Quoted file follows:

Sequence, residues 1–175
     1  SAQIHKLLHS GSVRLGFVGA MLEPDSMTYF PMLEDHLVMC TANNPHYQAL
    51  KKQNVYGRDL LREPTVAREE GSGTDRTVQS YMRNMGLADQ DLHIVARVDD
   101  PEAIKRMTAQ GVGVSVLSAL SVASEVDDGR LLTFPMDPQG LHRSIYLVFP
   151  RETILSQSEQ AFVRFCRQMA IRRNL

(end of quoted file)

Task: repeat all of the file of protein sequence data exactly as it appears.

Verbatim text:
Sequence, residues 1–175
     1  SAQIHKLLHS GSVRLGFVGA MLEPDSMTYF PMLEDHLVMC TANNPHYQAL
    51  KKQNVYGRDL LREPTVAREE GSGTDRTVQS YMRNMGLADQ DLHIVARVDD
   101  PEAIKRMTAQ GVGVSVLSAL SVASEVDDGR LLTFPMDPQG LHRSIYLVFP
   151  RETILSQSEQ AFVRFCRQMA IRRNL